When two armies face off against each other, there are claims and counterclaims by each side, and the war of ideas can be waged as fiercely as the war of bullets. For those who are standing far off, it can be difficult to see past all the rhetoric, to discern what is really happening.
This morning, I was listening to an Australian Broadcasting Corporation (ABC) news report about Gaza. They were discussing a report that Hamas has placed its operations centre under the basement of al-Shifa hospital, which is the largest medical facility in the Gaza strip. The reporter commented that if the IDF were to bomb the site, this would be a very great war crime.
What he failed to point out – which revealed the ABC’s typical bias – was that placing a military operations centre under a hospital is itself a war crime. Nor did he point out that by shooting missiles into urban areas, Hamas commits war crimes every day.
He also failed to point out that, according to the laws of war, causing civilian casualties by attacking a military installation is not in itself a war crime, if the intent is to target the military target, and proportionality has been taken into account. In this horrendous scenario, to observe the laws of war, the IDF would have to weigh up the military advantage gained by taking out Hamas’ operations centre against the impact on civilians. For example, they could compare how many civilian lives will be lost by taking out Hamas’s centre now with how many lives could be lost in the future if it is not taken out and the military conflict was prolonged.
How do we weigh up compassion and truth in such situations? And how are we to make sense of competing claims on our sympathies?
There is a tendency in Western cultures to go with love at the expense of truth. When we weigh up compassion against truth, compassion is often instinctively preferred.
To be sure, truth-blindness is a besetting malady of Western culture, but in the end, love without truth is not love at all. It becomes a license for abuse. Blind sympathy and compassion for the Palestinian cause, without engagement with the truth of what has happened to bring them to this place, including the culpability of surrounding Arab nations for perpetuating the refugee crisis and Hamas’ clearly stated genocidal goals — this would be a form of abuse, which will only perpetuate the trauma for all parties.
Yes, of course they do have grievances. Their situation is heartbreaking in many ways. And their grievances are not only against Israel: they have legitimate grievances against their own leaders, as well as against the surrounding Arab nations, who have deliberately and callously pushed them down a path of bloodshed and death.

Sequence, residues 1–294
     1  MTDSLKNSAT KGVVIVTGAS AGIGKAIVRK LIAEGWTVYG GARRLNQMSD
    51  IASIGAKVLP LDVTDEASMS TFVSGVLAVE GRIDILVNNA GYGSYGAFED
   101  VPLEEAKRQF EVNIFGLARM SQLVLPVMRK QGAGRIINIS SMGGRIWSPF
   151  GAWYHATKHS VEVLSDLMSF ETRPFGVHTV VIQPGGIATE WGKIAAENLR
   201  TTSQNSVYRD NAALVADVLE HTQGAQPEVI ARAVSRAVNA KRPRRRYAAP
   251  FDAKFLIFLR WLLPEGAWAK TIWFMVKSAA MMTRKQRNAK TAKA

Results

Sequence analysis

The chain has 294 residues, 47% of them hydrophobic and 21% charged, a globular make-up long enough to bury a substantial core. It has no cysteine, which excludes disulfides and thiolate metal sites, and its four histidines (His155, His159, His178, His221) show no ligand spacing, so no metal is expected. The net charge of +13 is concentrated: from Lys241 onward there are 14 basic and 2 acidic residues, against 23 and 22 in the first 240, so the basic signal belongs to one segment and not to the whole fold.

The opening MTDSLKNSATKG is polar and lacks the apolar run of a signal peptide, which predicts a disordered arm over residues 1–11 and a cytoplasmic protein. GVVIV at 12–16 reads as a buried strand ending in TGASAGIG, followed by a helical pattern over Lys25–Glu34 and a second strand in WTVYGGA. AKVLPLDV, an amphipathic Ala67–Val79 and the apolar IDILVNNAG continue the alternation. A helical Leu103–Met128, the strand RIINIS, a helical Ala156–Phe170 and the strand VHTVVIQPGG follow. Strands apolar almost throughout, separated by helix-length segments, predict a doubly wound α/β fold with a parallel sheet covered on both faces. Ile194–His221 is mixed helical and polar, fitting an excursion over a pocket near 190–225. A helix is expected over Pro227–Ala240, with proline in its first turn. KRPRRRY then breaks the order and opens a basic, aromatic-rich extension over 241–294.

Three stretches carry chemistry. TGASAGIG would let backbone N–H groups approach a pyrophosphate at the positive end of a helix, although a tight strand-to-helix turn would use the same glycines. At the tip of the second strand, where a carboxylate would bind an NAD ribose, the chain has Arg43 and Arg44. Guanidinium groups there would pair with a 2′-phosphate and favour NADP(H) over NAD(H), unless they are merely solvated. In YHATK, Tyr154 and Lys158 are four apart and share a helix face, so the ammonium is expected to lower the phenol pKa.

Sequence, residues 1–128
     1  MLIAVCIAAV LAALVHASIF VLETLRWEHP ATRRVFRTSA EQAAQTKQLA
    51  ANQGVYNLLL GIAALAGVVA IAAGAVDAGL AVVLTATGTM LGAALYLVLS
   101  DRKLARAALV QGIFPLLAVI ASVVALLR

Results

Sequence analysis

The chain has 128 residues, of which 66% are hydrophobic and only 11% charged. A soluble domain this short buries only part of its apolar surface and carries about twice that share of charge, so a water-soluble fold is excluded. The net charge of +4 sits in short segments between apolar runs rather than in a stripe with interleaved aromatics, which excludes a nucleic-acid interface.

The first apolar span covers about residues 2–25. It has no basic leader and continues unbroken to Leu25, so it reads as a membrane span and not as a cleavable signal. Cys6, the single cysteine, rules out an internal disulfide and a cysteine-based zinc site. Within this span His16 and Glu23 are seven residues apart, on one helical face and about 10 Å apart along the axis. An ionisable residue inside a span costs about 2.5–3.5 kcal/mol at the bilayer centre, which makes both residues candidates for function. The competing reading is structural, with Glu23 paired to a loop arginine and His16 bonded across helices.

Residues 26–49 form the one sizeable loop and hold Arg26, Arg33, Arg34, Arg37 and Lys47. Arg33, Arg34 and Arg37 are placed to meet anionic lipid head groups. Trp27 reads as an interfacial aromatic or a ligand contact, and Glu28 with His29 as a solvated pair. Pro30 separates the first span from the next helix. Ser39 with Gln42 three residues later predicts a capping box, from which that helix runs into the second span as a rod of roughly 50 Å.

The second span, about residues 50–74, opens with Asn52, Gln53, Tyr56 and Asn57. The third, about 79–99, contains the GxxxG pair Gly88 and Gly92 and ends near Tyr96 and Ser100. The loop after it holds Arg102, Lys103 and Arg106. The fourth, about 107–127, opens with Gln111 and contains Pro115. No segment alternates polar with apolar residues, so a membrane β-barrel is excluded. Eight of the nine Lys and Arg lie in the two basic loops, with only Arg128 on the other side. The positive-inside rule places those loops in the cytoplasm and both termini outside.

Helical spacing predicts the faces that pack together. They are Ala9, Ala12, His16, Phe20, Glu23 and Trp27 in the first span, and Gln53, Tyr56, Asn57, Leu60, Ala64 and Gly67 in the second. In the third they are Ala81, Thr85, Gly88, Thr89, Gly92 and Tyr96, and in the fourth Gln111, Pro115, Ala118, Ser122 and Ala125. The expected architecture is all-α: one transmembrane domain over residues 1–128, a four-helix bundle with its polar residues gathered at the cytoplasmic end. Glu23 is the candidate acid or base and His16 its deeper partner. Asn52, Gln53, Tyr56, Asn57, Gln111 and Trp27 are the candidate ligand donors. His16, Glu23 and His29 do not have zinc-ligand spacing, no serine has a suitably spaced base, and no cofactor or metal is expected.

We should feel compassion for all sides. The Palestinians’ situation is appalling. As human beings, they deserve much, much better than being used as human shields for the Muslim Umma’s proxies in a long fight to the death with Israel.
One must also feel deep compassion for the Israelis, who want to be left in peace. Despite many Jews having repeatedly expressed their willingness to work towards a two-state solution – from the 1930s through to the Oslo Accords – Arabs driven by hate keep insisting on their right to wipe Israel off the face of the earth.
Palestinian leaders have repeatedly made crystal clear that they will never accept a two-state solution. The Arabs opposed partition in the 1930s, and they oppose it still. The truth is that Israel must defeat its enemies or be defeated.
My answer is “Yes, to an extent”. The theological ideology of Hamas is not unique, but is shared by many other Islamic militant groups, including Al Qaida, the Taliban and ISIS. This theology is persistent, and it will endure in one form or another. It can be discredited – and now, after decades of trauma caused by radical Islam, a great many Muslims are turning away from Islam – but Islamist ideology will most likely never completely disappear. Be that as it may, the hold of Hamas’ ideology on Gaza can and must be broken.
Sadly, it has to fight for its security. Hamas has slammed all other doors shut. Israel must win against Hamas. It must, yet again, discredit the old Qur’anic lie about Jews loving life too much to fight.
The battle ahead is not about achieving a ‘proportionate response’. This is not a tit-for-tat war, in which one side’s casualties justify or validate an equal number of deaths on the other side. That would be a morally repulsive idea. On Israel’s side, this is a war for security and survival, while for Hamas, it is a war to eliminate Israel.
What can one do? I have written this series of posts to lay down what pieces of the Hamas jigsaw I have in my hands. In order to see the whole picture, we must reject lies, seek the truth and speak it out. We must also reject hate.
As a Christian, I believe in the insistence of Genesis that we are all made in the image of God. Every human life is of value. The challenge for us living on this earth is to hold true to this principle – a principle that should motivate us to love others – while at the same time being willing to do the hard yards to know and speak the truth.
Originally published at Mark Durie’s Substack.
Photo: Muhammad Sabah, Al-Shifaa Hospital, 2014/Wikimedia Commons